They have since helped set Hatidze up in a new winter home close to her relatives in the “nearest village to civilization.”. The mother, Nazife, is a one-eyed crone with a child’s voice, who occasionally arrests the film with a poetic utterance. "They make you extremely creative, we thought of the solutions that turned out to be quite unique.". A woman walks alone across a valley as bare as the moon. But the similarities between people and bees do not stop there. It is well known that male and female bees fill very different roles, but the film shows everybody doing the same jobs. As she climbs a narrow cliffside path, the camera follows close behind until she reaches a beehive hidden behind a rock. When her daughter asks if she can imagine spring coming, she responds cryptically, “Too many winters have passed.”. But it has still connected with a worldwide audience through the protagonists' body language, relationships and emotions. She says that beekeeping has made Hatidze such a remarkable person.

Due to its location in a secluded mountain, the village has no access to electricity and running water. We changed Hatidze’s life. TK: The festival organizer, who was half-French and half-indigenous, was telling us how there are 28 local languages for every tribe, and in none of them is there the word “I.” Doesn’t exist. In one scene, one of the young sons is shown helping a cow give birth, while another boy attempts milking with his father nearby. "The Sam family that comes later are the other group of bees who are attacking the previous group of bees, which is Hatidze and her family. Three years in three minutes, In pictures: Trump and Biden through the years, Trump supporter replaces neighbour's stolen Biden sign.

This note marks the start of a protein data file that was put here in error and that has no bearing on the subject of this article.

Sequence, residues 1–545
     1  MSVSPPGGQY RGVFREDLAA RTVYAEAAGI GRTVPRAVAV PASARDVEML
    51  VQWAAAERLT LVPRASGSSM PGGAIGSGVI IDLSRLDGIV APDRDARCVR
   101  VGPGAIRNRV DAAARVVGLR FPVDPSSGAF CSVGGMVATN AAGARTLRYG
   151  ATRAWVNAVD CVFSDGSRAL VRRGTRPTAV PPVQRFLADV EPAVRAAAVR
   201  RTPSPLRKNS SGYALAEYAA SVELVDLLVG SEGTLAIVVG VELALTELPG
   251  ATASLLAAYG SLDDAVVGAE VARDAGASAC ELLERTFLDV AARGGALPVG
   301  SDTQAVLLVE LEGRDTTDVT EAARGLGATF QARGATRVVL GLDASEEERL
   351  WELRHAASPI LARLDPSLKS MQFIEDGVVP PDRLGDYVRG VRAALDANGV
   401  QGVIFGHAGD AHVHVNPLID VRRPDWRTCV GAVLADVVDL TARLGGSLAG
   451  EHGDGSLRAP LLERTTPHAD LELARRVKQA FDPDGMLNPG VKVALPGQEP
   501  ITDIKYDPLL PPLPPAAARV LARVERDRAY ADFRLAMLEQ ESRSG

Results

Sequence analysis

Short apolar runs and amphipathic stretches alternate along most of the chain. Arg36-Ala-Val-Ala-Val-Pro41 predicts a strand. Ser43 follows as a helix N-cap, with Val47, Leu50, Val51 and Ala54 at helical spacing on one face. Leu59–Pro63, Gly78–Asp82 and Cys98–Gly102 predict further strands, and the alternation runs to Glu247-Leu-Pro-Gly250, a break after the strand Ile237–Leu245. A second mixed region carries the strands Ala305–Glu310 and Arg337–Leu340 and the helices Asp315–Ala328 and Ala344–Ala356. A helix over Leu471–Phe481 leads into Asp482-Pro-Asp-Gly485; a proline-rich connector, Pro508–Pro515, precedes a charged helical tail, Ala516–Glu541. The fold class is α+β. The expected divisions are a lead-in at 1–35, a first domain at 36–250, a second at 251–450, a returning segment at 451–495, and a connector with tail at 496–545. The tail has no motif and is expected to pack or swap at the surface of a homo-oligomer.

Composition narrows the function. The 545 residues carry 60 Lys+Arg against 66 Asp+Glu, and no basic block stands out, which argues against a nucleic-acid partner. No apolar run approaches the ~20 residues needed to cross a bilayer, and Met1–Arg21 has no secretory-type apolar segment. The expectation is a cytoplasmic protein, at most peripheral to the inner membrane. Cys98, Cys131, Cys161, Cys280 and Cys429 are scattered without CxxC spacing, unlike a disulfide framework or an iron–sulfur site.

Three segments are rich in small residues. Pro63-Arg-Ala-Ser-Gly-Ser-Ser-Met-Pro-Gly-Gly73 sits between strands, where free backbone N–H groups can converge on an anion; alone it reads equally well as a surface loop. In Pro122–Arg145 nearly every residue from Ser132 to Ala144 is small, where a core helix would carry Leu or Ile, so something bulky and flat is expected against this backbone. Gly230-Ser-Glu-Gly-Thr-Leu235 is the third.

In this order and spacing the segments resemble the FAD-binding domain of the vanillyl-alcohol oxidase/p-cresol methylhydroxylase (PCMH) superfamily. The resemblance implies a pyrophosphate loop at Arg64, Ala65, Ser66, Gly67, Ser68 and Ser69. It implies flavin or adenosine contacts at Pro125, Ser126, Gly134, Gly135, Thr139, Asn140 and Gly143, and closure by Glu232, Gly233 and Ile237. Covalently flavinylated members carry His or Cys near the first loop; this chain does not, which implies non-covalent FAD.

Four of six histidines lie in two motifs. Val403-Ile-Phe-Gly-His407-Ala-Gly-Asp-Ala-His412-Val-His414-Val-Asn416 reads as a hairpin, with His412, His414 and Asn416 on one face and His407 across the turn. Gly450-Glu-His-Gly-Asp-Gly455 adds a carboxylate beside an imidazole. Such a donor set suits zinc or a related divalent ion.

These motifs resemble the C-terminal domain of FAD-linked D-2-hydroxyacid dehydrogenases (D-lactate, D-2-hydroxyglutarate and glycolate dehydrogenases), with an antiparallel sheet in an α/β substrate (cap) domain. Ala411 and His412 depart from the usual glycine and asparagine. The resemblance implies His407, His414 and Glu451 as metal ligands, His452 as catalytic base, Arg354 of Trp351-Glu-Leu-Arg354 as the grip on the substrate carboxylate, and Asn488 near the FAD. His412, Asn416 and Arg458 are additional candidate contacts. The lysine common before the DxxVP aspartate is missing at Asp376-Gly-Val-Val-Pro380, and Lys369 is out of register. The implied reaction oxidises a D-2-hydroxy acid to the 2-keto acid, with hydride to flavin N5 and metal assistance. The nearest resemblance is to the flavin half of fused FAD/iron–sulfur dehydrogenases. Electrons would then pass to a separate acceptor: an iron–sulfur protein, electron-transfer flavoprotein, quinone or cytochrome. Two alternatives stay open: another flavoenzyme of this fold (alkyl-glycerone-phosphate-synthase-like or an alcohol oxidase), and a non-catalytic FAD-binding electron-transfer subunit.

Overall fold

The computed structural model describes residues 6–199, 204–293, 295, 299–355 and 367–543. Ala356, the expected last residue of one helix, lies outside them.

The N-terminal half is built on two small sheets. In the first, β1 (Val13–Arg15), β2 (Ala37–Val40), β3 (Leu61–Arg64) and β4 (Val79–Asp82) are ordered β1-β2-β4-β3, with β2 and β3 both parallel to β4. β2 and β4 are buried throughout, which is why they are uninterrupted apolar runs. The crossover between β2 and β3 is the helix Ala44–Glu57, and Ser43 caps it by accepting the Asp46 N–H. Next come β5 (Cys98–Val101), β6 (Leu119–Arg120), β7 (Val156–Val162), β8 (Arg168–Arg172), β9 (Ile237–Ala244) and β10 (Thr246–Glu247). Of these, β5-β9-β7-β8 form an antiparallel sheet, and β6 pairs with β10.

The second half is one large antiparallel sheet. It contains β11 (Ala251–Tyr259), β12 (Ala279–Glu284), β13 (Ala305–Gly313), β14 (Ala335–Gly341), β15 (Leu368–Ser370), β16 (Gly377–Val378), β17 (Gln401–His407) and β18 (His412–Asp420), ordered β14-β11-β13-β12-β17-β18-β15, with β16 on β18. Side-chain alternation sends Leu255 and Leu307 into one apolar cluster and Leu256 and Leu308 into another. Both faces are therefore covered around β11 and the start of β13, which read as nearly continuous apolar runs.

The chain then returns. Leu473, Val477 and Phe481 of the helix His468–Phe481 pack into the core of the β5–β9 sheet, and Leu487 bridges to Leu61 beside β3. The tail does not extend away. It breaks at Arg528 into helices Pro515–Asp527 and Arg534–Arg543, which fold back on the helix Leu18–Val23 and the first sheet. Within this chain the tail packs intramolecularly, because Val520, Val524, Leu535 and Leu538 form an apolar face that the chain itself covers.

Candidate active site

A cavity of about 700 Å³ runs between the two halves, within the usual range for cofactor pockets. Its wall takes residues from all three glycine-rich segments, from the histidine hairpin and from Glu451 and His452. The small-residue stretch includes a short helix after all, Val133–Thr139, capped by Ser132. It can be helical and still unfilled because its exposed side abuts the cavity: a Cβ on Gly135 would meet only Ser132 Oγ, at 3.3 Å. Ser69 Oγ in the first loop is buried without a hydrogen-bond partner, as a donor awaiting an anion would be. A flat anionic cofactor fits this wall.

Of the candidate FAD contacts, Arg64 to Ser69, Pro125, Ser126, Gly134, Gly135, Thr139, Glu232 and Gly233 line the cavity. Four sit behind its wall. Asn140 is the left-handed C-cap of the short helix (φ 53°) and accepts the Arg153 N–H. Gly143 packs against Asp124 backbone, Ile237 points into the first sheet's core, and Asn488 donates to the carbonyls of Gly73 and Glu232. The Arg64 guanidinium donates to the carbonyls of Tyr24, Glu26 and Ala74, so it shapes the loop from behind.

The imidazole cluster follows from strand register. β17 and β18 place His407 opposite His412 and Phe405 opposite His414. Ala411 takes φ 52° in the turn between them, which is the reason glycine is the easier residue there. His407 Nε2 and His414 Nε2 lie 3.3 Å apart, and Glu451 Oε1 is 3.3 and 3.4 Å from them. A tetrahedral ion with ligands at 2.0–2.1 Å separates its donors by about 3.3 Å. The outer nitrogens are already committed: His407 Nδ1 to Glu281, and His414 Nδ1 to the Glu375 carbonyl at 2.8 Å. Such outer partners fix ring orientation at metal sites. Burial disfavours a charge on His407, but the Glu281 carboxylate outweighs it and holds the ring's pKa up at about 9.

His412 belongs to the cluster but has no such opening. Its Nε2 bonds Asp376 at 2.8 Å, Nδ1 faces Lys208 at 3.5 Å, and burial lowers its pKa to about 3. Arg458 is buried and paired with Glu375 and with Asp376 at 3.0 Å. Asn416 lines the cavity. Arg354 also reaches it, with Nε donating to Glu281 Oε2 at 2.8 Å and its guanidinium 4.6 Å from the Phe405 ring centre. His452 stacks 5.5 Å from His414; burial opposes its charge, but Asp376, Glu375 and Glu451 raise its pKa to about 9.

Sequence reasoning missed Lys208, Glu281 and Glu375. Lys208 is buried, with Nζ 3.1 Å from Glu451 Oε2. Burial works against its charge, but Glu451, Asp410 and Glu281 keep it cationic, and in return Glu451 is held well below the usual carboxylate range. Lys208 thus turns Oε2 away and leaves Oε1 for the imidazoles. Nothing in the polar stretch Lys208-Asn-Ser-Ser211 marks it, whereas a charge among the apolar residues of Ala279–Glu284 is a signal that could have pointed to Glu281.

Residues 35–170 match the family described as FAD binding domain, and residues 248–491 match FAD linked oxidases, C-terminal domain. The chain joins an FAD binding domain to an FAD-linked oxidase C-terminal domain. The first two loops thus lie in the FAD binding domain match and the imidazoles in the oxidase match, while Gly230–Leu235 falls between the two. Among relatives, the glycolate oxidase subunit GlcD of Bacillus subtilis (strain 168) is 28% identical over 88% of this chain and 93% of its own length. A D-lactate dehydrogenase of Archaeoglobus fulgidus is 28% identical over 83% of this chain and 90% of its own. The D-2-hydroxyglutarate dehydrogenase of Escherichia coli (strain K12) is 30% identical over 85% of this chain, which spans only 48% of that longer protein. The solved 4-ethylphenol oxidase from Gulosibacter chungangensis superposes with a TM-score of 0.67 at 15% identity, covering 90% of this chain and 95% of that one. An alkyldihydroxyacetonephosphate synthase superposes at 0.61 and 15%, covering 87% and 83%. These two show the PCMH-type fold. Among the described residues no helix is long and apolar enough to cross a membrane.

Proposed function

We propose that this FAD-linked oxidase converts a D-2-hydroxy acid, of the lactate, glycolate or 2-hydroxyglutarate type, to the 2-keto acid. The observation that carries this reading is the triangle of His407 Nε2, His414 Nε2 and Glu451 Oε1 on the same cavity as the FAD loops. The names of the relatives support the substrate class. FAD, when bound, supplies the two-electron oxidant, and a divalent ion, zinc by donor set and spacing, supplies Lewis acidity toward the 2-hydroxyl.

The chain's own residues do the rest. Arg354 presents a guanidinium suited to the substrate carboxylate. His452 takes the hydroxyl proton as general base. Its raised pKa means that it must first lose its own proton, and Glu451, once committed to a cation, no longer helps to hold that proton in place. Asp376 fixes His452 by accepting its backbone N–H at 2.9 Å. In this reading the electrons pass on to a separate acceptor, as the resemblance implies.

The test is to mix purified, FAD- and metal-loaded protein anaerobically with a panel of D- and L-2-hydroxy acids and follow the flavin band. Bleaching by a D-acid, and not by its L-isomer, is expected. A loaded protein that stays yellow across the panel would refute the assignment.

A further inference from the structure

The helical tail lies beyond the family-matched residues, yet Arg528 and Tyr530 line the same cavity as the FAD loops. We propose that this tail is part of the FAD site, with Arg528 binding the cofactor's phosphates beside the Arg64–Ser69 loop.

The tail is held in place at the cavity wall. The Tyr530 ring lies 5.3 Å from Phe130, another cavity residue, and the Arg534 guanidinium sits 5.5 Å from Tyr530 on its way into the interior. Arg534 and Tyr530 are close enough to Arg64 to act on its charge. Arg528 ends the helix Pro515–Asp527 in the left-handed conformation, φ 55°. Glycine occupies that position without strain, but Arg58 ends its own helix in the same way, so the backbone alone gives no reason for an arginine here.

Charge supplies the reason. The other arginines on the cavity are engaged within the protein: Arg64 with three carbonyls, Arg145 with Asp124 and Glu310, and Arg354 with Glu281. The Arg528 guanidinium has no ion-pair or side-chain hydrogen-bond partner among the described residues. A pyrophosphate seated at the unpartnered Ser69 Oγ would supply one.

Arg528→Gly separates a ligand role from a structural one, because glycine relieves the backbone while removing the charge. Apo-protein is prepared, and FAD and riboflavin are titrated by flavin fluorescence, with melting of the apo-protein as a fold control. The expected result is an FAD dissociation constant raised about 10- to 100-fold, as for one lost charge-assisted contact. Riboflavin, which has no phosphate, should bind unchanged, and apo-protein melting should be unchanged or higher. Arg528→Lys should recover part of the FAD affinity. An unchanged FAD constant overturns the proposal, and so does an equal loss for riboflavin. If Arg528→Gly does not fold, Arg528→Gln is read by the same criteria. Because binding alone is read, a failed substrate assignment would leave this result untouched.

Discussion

Honeyland closes with a close-up of Hatidze’s remarkable face. Now it has become the first film ever to get Oscar nominations for both best documentary and best foreign language movie, Hatidze has become a full-blown celebrity who gets stopped in the street by Hollywood stars. Honeyland has much to say about conserving nature, but its lessons are also about human life and relationships. As with many scenes in Honeyland, it feels like a privilege simply to witness this moment. The diary-style, on-the-fly footage is intercut with panoramas of Aleppo, smoking at sunset, its rubble and white crumbling shells of buildings spreading out in bird’s-eye drone shots.

Waad questions them about what is going on, and they display an appalling ability to distinguish between different types of bombs and shells. And, like the jobs in the village of Bekirlija, the making of the film was shared between Stefanov and Kotevska, who is one of only a handful of female directors to be nominated for an Oscar this year. Both qualities are written on Haditze’s face, making it an image to hold in the mind’s eye, now and in the troubles to come. Hussein, his wife and the children all share the roles around the cattle. TK: More or less. TK: If Hatidze and her neighboring family let you into their way of life, that means both are okay with the way they live.

July 24, 2019, Honeyland (Ljubomir Stefanov and Tamara Kotevska, 2019).

In For Sama, she and fellow director Edward Watts weave this harrowing footage together with her own story: her marriage to Hamza, a doctor who winds up running the last remaining hospital in the rebel-held portion of Aleppo, the birth of their daughter Sama, and their determination to stay in the devastated city and continue their fight against the regime of Bashar al-Assad.